I confess I felt an initial thrill at the reports and videos of Jews displaying their prayer fringes while brawling on the University of California, Los Angeles, campus with the occupants of what is referred to as a “pro-Palestinian encampment.” A Jewish girl had been beaten and hospitalized, and it wasn’t the first anti-Jewish battery of the spring of campus discontent. Now, finally, after weeks of cowering in dorms all over America or whining to college administrators about how unsafe they felt, the Jews were fighting back.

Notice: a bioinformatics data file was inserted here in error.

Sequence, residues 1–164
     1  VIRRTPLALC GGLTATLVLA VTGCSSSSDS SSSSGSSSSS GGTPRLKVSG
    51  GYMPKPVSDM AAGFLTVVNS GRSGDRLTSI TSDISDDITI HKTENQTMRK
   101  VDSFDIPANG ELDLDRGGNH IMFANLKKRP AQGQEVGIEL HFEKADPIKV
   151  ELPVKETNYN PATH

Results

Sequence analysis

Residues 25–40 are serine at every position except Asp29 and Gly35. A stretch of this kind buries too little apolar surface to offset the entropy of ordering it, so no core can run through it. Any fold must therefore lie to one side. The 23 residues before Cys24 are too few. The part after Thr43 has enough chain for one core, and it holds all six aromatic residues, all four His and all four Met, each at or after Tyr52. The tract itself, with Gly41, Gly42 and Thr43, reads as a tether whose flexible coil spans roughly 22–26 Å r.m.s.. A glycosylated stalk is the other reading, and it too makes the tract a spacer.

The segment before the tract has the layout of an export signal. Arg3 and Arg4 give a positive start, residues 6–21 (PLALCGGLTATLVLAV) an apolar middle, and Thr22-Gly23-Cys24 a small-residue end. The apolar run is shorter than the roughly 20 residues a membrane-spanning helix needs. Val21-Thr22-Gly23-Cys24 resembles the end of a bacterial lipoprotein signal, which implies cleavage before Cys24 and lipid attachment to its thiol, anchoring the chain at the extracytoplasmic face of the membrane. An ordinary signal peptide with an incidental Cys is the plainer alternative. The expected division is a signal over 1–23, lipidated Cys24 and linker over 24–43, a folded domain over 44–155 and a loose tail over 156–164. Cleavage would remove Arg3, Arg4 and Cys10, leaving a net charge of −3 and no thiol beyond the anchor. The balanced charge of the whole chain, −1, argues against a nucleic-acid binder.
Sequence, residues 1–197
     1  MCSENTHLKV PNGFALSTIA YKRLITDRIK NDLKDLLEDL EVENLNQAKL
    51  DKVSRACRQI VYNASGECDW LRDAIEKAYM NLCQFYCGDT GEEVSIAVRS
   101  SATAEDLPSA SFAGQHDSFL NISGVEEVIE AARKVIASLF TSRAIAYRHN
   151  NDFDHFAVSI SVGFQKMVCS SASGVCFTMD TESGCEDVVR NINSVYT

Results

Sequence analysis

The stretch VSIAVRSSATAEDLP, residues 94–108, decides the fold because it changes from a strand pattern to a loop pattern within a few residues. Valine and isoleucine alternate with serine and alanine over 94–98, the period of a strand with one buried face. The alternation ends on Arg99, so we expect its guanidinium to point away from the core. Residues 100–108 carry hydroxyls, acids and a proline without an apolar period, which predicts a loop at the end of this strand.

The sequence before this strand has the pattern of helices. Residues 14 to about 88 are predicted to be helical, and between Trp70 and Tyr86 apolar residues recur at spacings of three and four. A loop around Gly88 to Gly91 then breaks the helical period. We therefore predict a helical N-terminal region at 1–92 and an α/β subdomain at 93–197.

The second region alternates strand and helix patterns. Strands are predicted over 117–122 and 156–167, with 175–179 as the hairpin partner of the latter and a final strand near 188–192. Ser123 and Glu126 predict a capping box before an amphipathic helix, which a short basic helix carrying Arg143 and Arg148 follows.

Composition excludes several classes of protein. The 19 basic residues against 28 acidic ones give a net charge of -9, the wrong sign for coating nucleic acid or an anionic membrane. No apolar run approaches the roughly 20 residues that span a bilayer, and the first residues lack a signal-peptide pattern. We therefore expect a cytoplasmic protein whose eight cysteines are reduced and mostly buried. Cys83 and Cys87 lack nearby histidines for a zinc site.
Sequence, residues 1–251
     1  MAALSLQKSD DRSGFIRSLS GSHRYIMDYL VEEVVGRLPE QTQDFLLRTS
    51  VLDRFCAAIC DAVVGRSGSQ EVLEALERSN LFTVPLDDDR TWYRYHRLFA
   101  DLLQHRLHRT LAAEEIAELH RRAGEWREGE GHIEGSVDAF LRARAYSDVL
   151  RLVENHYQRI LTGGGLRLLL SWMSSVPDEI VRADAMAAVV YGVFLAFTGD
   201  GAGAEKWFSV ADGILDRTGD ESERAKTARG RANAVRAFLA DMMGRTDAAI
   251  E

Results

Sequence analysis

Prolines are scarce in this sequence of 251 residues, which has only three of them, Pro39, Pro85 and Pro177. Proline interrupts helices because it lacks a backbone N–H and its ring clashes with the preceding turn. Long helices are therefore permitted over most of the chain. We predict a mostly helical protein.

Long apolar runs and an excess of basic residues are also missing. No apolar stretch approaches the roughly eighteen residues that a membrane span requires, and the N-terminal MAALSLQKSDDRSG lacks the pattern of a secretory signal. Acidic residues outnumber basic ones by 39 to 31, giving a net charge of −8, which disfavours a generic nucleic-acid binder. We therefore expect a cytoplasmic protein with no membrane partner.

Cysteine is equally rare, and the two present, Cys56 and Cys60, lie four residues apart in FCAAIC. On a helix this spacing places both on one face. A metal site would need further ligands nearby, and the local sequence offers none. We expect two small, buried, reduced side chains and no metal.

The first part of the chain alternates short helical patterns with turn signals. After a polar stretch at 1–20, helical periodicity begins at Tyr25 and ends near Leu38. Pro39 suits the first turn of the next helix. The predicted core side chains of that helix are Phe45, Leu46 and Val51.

But thrills are not trustworthy guides to decent and humane politics—to the interests of the Jews or the health of the republic. The immediate welfare of Jews, no doubt primary in the minds of the vigilantes, was not promoted by this kerfuffle. Already on Tuesday, the university had told the demonstrators to shove off. The Los Angeles Police Department was not far off. In the meantime, encampments can be circumvented. People can travel in groups and defend themselves, if attacked. The necessity of such measures is an indignity, though a tolerable one.

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